Polygon Raises $450 Million from Sequoia Among Other Investors

Polygon raised a whopping $450 million in a financing round held in February to expand its Ethereum scaling solutions services and establish a larger developer ecosystem. 

Sequoia Capital India led the round. Other major participants included Tiger Global, Softbank, Galaxy Digital, Republic Capital, Makers Fund, Alameda Research, Dune Ventures, Alexis Ohanian’s Seven Seven Six, Steadview Capital, Unacademy, Animoca Brands, Spartan Fund, Variant Fund and Kevin O’ Leary. 

Polygon aspires to be a decentralized version of Amazon Web Services in the future.

The web3 startup intends to put $100 million of the capital into an “ecosystem fund” that’ll support the creation of new projects on its network. Whereas the remaining capital will be used as “buffer money” to allow the 240-person team to continue developing the platform. 

Polygon co-founder Sandeep Nailwal said: 

“Web3 for me means ownership, censorship resistance and verified compute. Whereas companies like Facebook or Twitter control their own computations, Web3 promises “transparency” around those processes.”

Polygon and Web3 

Polygon is a major Layer 2 solution provider which offers various tools for developers to build decentralized apps while also addressing network congestion. High gas costs while minting or trading NFTs are now a prominent issue and have sparked interest in Layer 2 protocols. In order to develop solutions with low transaction fees, Polygon currently competes with companies like Arbitrum, Loopring, Optimism and Starkware.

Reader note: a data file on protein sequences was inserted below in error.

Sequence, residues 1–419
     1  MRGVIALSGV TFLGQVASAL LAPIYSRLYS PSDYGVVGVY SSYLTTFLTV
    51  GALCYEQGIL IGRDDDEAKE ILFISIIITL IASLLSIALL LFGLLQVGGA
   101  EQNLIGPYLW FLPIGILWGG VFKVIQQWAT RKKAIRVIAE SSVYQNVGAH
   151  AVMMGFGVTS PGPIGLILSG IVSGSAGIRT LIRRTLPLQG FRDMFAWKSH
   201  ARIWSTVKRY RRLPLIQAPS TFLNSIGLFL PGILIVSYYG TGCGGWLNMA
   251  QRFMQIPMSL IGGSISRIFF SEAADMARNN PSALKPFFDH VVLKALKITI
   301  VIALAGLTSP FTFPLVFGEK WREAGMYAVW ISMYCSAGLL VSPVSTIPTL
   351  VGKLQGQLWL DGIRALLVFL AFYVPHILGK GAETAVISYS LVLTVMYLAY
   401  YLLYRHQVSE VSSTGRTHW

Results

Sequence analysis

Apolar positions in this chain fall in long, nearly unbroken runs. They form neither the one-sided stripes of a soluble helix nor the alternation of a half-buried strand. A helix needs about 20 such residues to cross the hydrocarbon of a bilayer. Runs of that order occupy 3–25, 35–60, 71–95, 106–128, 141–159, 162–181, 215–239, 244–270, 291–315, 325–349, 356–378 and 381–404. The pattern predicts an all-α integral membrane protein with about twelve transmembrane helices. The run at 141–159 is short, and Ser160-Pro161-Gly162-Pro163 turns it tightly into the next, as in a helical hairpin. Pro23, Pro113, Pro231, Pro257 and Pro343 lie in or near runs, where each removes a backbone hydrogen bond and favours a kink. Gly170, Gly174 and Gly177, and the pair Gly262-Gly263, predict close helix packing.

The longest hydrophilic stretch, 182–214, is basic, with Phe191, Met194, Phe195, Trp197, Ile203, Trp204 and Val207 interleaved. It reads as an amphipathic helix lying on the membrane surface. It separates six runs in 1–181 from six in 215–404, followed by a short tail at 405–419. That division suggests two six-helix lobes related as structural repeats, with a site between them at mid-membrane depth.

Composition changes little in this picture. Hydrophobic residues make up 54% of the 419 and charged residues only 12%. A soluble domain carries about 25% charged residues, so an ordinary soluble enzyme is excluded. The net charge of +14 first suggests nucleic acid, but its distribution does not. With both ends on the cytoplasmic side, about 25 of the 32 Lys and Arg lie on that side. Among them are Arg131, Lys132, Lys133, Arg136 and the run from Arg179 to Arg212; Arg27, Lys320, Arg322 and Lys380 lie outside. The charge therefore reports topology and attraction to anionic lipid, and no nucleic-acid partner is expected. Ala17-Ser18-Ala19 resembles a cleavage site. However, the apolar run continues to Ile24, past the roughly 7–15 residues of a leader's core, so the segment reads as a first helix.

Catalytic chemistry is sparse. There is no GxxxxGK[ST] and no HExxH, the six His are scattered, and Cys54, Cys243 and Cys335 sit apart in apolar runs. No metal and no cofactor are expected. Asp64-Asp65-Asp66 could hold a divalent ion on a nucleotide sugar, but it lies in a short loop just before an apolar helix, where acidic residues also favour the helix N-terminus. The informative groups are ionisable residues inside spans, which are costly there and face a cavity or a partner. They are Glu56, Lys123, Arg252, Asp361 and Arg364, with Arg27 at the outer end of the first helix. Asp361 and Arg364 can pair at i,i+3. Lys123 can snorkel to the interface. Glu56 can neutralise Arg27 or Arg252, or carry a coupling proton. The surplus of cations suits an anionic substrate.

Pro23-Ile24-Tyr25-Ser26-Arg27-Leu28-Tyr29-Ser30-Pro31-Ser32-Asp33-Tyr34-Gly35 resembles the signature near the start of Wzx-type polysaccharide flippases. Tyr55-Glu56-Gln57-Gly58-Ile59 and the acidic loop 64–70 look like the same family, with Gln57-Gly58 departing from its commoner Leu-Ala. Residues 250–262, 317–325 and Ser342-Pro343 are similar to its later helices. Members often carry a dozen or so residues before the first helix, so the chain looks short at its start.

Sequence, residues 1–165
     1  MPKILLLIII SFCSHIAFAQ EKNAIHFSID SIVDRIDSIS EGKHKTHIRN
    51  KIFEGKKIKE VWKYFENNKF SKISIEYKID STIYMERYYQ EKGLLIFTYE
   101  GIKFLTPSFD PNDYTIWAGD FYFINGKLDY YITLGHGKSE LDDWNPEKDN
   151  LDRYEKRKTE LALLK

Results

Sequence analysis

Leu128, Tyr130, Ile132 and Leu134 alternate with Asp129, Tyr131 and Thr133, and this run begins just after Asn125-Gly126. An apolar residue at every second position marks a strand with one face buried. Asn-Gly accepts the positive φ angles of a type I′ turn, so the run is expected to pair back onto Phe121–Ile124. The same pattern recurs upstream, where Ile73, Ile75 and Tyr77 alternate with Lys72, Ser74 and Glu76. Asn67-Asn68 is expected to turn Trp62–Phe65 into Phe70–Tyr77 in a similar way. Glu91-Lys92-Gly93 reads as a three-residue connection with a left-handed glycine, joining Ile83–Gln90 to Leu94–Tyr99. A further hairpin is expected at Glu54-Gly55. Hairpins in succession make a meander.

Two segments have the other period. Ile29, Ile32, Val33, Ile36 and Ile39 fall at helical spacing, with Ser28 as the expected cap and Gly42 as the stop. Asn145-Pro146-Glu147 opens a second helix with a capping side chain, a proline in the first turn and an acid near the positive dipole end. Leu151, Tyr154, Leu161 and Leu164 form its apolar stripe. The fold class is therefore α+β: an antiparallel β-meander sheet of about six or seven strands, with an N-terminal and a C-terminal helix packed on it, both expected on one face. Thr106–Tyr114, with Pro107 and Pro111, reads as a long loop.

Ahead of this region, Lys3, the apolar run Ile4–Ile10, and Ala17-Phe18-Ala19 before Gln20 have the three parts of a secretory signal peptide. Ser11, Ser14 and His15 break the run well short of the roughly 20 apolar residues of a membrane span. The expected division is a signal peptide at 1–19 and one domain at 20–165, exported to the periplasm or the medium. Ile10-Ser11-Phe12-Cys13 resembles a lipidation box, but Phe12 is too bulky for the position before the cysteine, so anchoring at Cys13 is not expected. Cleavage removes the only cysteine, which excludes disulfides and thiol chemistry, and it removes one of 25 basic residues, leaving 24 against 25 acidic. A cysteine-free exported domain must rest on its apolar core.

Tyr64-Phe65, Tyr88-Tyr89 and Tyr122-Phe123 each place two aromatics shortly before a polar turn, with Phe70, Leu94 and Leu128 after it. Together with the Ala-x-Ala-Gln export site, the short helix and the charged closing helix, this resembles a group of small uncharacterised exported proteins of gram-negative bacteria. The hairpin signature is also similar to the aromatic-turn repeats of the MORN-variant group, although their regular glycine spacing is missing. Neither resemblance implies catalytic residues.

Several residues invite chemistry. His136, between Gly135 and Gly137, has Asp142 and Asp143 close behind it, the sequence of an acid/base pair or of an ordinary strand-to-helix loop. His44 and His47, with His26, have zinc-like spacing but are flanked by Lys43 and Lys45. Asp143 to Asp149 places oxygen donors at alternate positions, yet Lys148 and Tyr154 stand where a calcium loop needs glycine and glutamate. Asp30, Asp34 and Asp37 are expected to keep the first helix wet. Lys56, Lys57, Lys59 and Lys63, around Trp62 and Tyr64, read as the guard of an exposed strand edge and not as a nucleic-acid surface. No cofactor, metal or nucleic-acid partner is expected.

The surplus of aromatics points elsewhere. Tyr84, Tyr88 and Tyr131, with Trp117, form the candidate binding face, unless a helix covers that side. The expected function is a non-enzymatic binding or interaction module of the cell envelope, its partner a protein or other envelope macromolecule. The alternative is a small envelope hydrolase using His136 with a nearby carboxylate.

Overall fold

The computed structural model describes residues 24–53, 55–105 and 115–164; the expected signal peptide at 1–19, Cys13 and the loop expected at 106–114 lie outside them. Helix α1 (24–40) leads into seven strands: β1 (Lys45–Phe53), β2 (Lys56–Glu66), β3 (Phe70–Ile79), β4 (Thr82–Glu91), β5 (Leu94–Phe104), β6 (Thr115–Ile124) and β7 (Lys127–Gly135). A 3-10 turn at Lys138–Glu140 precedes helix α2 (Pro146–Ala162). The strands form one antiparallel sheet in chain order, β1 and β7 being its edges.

Furthermore, the network is a proof-of-stake blockchain running on top of the Ethereum network. Participants just need to have a stake (tokens units) to become validators. Thanks to the Layer 2 solution, the transaction rate of Polygon is much faster than Ethereum. While the Ethereum network can perform 15 transactions per second, Polygon claims to process over a thousand transactions per second. 

The blockchain’s own token, “Matic” has caught the interest of investors. The company sold token units to investors in a private round rather than issuing shares. 

The web3 firm is also pursuing blockchain gaming, having hired Ryan Wyatt, a former YouTube executive, as its game studio head.